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Rosters Revamped Part 2: A comparison of the 1990 and 2009 Buffalo Bills

In light of all of the talk surrounding the comparisons of the 90's Bills teams and this years squad I decided to take a deeper look player by player.  This is the Second part of the two part series that will examine the offenses from and for the perspective rosters of 1990 and 2009.  After seeing the defensive piece slammed a bit from misinterpretation, the purpose of the comparison is to show what COULD be in 2009.  People expected the Bills to be a good team in 1990, but were not expected begin the march of 4 straight superbowl appearances.  If you can find evidence someone predicted that in 1989 or 1990 please post it!  Tim Graham among others brought up discussions about a No-huddle offense being reinstated in Buffalo this season.  The no-huddle offense was off and running in 1990 behind the signal calling of Jim Kelly.  The Buffalo offense featured two dynamic receivers, Two great running backs, a versatile tight end, a humongous experienced offensive line, and of course a now hall of fame quarterback.  Going into 1990 the Bills looked good on paper.  In 2009 we find the same situation come to fruition.  The 2009 paper roster shows a Dynamic receiver Duo, solid young Tight End prospects,  a Large, but inexperienced offensive line, 3 great running backs, and an up and coming quaterback.  My intention here like the defensive peice is to show how the teams were built and run.  Also to show what it will take statistically to be a contender.  Another important thing to note is that in order for the team to succeed in the Wins column with the No-huddle offense, they must have a young resilient defense. Bruce Smith often commented on how much time the defense had to spend on the field because the offense quote on quote "scored too damn fast".  Much like 1990, the defense doesn't have to hold teams to 10 points or fewer, but just out last the other team's offense.  Take a look at the stats and have fun with the comment section.  And please Buffalo Bills Fans, it has been awhile since we have seen the playoffs, but a little optimism would be nice for a change. 

 Offensive Starters

Lineman:

LT- Howard Ballard- Selected by the Buffalo Bills in the 11th round of the 1987 NFL Draft, 1990 was Ballard's first All-Pro like season of his career at tackle in my opinion.  Ballard was a gigantic man nicknamed "House" Ballard with light feet that kept pass rushers at bay and crushed the opposing defense in the run.

LT- Langstan Walker- acquired via free agency from Oakland in 2006, Walker has been the Bills most consistent Tackle.  Like Ballard, Walker is a consistent pass protector. Walker will need to be a monster in the run to compare them after this year.  Walker will really need to hit his prime this year to even start to compare the  two Tackles.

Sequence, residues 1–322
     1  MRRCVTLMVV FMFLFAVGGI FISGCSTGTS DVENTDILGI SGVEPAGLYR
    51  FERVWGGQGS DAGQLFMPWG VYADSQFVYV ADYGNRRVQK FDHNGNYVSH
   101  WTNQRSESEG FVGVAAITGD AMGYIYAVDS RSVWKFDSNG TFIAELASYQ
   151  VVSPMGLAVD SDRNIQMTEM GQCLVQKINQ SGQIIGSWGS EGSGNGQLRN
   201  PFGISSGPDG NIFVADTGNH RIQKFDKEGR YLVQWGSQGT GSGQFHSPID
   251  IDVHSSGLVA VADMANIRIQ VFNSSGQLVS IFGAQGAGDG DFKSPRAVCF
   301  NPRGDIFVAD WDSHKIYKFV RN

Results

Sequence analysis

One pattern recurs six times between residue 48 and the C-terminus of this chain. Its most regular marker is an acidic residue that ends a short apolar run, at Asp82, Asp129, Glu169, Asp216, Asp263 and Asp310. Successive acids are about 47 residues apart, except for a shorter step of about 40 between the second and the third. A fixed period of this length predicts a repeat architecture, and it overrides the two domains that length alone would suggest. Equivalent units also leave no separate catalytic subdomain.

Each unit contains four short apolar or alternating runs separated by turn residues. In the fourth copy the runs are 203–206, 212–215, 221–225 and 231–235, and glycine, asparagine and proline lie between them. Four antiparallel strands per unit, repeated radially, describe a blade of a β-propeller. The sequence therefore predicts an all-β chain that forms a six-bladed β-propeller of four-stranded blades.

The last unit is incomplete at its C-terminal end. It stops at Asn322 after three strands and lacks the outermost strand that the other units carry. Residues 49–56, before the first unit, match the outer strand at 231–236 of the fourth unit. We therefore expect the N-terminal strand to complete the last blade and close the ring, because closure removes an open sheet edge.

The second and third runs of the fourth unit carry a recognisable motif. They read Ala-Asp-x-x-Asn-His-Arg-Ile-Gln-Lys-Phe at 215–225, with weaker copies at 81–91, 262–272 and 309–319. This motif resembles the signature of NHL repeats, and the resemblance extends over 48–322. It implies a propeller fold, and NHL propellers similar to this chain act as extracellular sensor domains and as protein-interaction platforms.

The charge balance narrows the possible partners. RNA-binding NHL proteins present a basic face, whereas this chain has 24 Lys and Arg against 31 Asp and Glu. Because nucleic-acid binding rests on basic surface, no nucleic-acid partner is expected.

RT- Will Wolford- Selected by the Buffalo Bills in the 1st round of the 1986 NFL Draft, Wolford was a massive individual that played 12 strong years in the NFL. Wolford's strength was pass protection. The K-gun came to life with great OT play in Buffalo in 1990.

RT- Brad Butler- Selected by the Buffalo Bills in the 5th round of the 2006 NFL Draft, Butler has started two full seasons at Right Guard for the Bills.  Butler played tackle at Virginia during college and looks to resume that role this season at the Pro level.  Butler is a bit undersized for an "ideal" NFL tackle, but protecting the strong side for Edwards takes some of the pressure off of him.  Butler will need to play like a veteran tackle this year to run the no-huddle offense. Both Wolford and Butler possess a mean mentality crucial to a good ground attack.

OG- John Davis- acquired via free agency from Houston in 1989, Davis became a staple in the interior of the line.  Great run blocking skills and a mean streak were his strengths.

OG- Eric Wood- Selected by the Buffalo Bills in the 1st round of the 2009 NFL Draft, Eric Wood assumes the starting role at guard for the Bills this year.  Wood is a large nasty interior lineman.  If Eric Wood is NFL ready, look for the left side of the line to be a developing strength in 2009.

OG- Jim Richter- Selected by the Buffalo Bills in the 1st round of the 1980 NFL Draft, Richter was the Savvy veteran of the Bills offensive Line. Moving into the end of his career, Richter had his best years through the late 80's and into the early 90's.  This is the one area the 2009 Bills O-line lacks: Experience!

OG- Andy Levitre- Selected by the Buffalo Bills in the 2nd round of the 2009 NFL Draft, Levitre assumes a starting role at guard for the Bills this year as well.  While neither Levitre nor Wood have the Experience Richter and Davis had....Experience in the Interior line is not as Prevalent as the skill positions in the Offense.  Both have the athleticism to get up and down the field like Richter and Davis.  Both will need to be franchise type guards this season for the No- Huddle to get off and running.

C- Kent Hull- Signed as an Undrafted Free agent in 1986, Kent Hull was the Centerpiece to the Bills championship offensive line.  Hull was the leader and signal caller in front of Kelly.  Hull was the most reliable lineman and had no weaknesses as an NFL player. Hall of Fame Induction to prove it.

C- Geoff Hangartner- acquired via free agency from Carolina in 2009, Geoff looks to become the new signal caller in Buffalo.  Brought in with rookie guards, Hangartner will have the chance to become the no huddle signal caller at the line.  Built like Hull at 320 pounds Hangartner has experience in this league and was paid for it this year.  I believe if he can read the defenses this year with Edwards the line has a chance to blossom.

Tight End:

TE- Keith McKeller- Selected by the Buffalo Bills in the 9th round of the 1987 NFL Draft, McKeller- had a unique set of skills that lead to the K-Gun being named after him. McKeller caught 44 passes for 464 and 5 TD in 1990.  McKeller could stretch the field or lay down a great run block.  His play alone put pressure on the defense packages to account for him.